Movie house goes digital
BY STACI WILSON
The end of movies on 35 millimeter film prints is in sight.
Earlier this year, Twentieth Century Fox announced to theater owners that it will stop distributing 35mm films within the next one to two years.
That announcement sent many small theater owners reeling – including the Montrose Theater, owned by the Montrose Restoration Committee (MRC) which leases the day-to-day operation of the theater to an independent operator.
Theater manager Rena Scroggins said, “If one (studio) goes out, the others will follow. We all panicked because it seemed the studios were now behind the transition.”
Independent theaters that have not yet made the change to digital will be forced to do so to remain open, Scroggins said.
The “transition” is from 35mm film to digital is also a costly one.
MRC Administrative Director Joann Leonard said a $60,000 loan has been taken out to upgrade the theater to digital projection and surround sound.
The new equipment was installed Monday and Scroggins trained on the new technology on Tuesday.
Leonard said, “MRC has made a major investment in the community to keep the Theatre open.” Donations of any amount toward the upgrade are appreciated.
On Friday evening, at 7:30 p.m., ‘The Hobbit’ will be the first film shown at the theater with the new system.
The digital projection system replaces the theater’s original reel projector. The reel projector will be donated to the Susquehanna County Historical Society, Leonard said.
Scroggins is excited about the change. “We will consistently have a bright, crystal clear picture. The best technology can offer on par with chain cinemas” she said.
“There will also be a difference in the sound,” Scroggins added.
The sound system will move from a monologue speaker to seven-channel surround sound speakers. Speakers will be located behind the screen and also on the sides and in the back of the theater.
Scroggins said movie-goers will “feel totally absorbed in the experience.”
In the film “Lincoln,” which is coming soon to Montrose, Scroggins said the upgrade will allow people to experience every nuance of the battle.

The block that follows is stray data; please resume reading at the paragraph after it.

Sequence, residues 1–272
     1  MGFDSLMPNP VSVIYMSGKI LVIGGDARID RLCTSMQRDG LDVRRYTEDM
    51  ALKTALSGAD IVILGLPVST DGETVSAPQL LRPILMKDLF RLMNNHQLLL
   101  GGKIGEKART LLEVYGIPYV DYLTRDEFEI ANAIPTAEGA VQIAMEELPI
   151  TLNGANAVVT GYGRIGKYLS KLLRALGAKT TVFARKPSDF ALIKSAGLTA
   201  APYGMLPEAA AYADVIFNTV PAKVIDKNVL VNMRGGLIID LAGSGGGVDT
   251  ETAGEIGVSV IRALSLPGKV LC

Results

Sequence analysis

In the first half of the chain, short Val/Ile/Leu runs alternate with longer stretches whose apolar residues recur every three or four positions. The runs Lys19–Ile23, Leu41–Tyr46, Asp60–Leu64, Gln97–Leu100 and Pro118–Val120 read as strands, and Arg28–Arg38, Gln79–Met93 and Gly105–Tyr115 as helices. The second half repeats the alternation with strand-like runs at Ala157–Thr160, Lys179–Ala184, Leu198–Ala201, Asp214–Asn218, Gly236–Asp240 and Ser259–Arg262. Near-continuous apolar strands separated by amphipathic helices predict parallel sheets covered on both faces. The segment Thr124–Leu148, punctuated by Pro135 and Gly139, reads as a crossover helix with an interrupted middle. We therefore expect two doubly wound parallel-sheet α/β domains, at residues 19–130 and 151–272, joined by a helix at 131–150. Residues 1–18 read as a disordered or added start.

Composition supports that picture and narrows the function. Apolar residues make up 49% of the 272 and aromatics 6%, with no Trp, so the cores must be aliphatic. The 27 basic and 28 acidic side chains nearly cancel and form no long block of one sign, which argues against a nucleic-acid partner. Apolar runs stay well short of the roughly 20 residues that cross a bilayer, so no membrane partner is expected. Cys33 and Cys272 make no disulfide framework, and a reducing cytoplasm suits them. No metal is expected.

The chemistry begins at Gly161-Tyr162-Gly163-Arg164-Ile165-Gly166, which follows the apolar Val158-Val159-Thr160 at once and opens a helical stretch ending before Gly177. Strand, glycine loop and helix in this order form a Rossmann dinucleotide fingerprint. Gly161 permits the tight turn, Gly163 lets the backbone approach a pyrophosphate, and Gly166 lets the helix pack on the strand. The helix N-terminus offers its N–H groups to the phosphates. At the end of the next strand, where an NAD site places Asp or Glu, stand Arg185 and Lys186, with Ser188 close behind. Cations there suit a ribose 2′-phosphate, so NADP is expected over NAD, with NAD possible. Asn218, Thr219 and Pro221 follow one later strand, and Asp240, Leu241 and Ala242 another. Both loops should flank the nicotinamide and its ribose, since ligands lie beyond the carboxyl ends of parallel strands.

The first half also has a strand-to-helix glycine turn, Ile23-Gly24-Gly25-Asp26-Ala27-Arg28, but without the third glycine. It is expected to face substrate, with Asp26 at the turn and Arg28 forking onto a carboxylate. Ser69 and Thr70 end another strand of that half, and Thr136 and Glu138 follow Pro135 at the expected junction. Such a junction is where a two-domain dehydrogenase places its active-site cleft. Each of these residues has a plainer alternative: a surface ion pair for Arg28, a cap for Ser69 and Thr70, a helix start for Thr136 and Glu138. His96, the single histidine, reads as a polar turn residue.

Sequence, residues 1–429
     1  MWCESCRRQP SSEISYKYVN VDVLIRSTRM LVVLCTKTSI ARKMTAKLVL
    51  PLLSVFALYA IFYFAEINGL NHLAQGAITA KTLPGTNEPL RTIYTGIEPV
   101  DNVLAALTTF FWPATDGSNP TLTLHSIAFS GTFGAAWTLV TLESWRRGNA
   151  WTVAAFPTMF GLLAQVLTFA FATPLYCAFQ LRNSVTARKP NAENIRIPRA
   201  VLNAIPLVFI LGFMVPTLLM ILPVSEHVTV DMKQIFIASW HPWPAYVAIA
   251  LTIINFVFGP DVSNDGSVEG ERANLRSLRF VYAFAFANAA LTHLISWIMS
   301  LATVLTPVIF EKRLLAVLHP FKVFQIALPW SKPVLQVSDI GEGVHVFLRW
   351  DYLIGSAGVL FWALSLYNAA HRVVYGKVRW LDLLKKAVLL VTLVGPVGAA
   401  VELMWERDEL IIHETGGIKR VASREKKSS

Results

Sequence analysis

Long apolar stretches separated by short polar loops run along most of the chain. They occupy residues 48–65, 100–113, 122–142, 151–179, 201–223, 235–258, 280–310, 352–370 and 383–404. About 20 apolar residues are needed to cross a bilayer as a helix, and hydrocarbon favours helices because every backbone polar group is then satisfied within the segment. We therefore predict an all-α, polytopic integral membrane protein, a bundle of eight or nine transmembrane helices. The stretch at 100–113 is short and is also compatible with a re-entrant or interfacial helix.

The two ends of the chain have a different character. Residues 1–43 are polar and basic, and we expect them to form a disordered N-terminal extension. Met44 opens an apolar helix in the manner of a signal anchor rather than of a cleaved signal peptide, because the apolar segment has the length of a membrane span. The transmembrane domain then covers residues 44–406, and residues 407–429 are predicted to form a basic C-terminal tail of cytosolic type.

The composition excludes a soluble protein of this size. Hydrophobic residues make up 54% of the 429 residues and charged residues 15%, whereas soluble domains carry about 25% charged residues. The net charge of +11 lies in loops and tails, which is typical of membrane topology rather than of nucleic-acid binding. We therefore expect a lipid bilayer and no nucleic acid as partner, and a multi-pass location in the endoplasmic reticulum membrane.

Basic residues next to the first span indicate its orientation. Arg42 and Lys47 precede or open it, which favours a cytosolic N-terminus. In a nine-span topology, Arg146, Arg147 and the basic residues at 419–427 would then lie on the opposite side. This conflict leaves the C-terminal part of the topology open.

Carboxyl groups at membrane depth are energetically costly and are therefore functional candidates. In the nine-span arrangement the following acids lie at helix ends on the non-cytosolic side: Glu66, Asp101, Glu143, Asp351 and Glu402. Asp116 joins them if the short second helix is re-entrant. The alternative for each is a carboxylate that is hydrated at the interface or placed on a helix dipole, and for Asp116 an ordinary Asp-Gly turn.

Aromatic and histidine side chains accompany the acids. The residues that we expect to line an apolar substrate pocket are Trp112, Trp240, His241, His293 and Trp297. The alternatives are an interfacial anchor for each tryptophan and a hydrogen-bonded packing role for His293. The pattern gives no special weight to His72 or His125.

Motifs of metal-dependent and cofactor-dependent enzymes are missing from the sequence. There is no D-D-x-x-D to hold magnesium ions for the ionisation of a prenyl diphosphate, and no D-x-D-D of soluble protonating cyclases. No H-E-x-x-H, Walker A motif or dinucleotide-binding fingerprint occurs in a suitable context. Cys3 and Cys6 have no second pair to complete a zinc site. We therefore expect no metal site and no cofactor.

“They will still have the hometown theater experience but with a cineplex quality show,” she said.
In addition to increasing the look and sound of the movies, Scroggins also said the update to digital will allow for easier booking of new releases.
With the 35mm film, an actual reel of the movie had to be available in order to show it. “It will be less difficult to find movies,” she said.
The upgrade also adds versatility to other programs, private parties and group presentations that can be held at the theater. Scroggins said, “It expands what we can do.”
“Across the board, everything we offer, the new technology ups it a notch,” she said. “I see more people being served by this.”
The tech upgrade isn’t the first improvement the MRC has made to the building since acquiring it in the mid-1990s from Pump N Pantry. Upgrades have included a new roof, air conditioning and heating system, new seats, new carpeting, handicapped accessible bathrooms, as well as wheel chair access and seating.
The lobby, marquee, concession area and ticket booth still need upgrading, Leonard said.
The Montrose Theatre opened in 1920 as the Ideal Theater. The first movie to show to an overflow crowd was “Blind Husbands.”
Ownership of the movie house changed hands several times and underwent a significant renovation in 1940 after it was purchased by Clifford, Flynn and Company – reopening in 1941 with a Gene Autry feature, as well as a “Three Stooges” showing.
That remodel added the neon marquee, as well as the illuminated displays for coming attractions.